Using Technology to (Re)Conceptualize Preservice Literacy Teacher Education

Considerations of Design, Pedagogy, and Research

Authored by: Charles K. Kinzer , Dana W. Cammack , Linda D. Labbo , Ruby Sanny , William H. Teale

International Handbook of Literacy and Technology

Print publication date:  April  2006
Online publication date:  January  2013

Print ISBN: 9780805850871
eBook ISBN: 9780203929131
Adobe ISBN: 9781135609580

10.4324/9780203929131.ch14

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Abstract

Teacher education appears to have changed little in half a century or more. Although various instructional models, from traditional classroom instruction to apprenticeship/internship approaches, have gained and lost favor during this time, 1 1

The handbooks of research on teacher education (Sikula, Buttery, & Guyton, 1996) and on teaching (Richardson. 2001) contain several discussions of these and other models.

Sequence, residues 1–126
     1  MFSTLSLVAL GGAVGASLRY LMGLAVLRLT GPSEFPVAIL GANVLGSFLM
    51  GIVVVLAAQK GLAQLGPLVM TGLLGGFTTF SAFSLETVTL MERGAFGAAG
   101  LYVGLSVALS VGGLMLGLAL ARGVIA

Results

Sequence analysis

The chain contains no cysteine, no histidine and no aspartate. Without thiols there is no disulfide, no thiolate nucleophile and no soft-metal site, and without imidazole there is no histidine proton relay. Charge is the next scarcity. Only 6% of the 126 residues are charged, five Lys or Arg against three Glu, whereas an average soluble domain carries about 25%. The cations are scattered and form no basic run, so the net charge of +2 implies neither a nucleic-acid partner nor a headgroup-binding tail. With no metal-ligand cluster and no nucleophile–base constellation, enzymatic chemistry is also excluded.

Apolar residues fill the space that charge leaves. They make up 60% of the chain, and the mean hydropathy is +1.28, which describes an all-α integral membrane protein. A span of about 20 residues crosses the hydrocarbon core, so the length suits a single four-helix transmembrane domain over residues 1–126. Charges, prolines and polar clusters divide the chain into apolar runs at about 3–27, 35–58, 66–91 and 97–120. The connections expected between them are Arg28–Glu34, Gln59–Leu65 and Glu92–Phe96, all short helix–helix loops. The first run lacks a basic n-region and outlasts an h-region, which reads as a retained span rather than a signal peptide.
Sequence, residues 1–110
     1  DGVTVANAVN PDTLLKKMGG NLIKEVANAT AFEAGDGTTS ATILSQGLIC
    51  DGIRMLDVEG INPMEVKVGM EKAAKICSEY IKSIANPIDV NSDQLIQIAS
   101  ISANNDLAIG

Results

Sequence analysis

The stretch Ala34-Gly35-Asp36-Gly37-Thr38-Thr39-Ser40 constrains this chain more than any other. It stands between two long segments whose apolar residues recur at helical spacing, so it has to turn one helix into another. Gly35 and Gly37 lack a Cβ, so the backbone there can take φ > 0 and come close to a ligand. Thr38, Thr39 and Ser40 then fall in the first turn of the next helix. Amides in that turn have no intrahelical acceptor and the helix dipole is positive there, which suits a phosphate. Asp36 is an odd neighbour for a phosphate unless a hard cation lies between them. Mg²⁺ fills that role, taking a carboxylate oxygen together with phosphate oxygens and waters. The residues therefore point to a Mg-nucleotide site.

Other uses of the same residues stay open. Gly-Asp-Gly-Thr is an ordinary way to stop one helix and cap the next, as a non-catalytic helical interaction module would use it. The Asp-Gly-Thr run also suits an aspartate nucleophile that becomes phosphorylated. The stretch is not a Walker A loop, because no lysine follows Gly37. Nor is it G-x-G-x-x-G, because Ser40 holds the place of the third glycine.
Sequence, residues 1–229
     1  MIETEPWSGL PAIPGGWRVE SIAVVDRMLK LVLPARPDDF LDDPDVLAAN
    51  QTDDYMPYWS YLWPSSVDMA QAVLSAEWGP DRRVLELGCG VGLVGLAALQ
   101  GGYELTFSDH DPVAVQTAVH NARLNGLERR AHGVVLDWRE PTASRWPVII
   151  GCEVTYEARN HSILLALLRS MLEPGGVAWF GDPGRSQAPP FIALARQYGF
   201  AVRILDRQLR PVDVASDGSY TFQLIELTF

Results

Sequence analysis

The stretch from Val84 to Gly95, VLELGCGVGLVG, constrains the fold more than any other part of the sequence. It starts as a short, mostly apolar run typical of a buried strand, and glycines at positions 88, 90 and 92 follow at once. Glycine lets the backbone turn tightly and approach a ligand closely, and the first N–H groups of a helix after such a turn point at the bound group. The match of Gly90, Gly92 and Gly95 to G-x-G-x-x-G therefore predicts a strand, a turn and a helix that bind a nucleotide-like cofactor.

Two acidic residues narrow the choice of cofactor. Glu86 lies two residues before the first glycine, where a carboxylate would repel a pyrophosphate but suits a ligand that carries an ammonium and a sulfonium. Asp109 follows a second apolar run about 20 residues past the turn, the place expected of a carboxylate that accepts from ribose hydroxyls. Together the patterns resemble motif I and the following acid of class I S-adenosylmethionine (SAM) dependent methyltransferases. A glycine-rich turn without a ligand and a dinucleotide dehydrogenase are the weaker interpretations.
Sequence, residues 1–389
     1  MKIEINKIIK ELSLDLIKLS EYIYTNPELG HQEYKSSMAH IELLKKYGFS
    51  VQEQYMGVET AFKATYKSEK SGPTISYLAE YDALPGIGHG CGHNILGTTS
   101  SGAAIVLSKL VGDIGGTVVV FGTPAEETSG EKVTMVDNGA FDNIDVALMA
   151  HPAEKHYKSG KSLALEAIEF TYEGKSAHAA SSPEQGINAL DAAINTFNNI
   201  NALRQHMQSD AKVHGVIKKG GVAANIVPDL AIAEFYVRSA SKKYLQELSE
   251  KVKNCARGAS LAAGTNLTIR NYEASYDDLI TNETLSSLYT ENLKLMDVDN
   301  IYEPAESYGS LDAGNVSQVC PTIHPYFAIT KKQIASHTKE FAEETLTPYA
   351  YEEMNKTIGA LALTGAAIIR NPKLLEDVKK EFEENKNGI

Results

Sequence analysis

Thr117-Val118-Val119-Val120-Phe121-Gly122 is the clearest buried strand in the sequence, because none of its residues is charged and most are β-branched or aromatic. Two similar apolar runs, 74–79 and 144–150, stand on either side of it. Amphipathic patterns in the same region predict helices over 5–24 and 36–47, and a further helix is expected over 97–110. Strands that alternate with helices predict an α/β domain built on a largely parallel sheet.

preservice education programs continue, appropriately, to address three areas: knowledge of subject matter, knowledge of instructional processes and procedures, and implementation of appropriate processes and procedures in the classroom. Yet, for all of the innovations that have been and are being tried, it has generally been the case that teacher education programs are more successful at enhancing future teachers’ knowledge of subject matter and instructional procedures than at developing their instructional decision-making abilities (e.g., see Munby, Russell, & Martin, 2001)—even though the making of moment-to-moment decisions about what to teach, when to teach it, and how to best do so is perhaps what characterizes the most effective classroom teachers.

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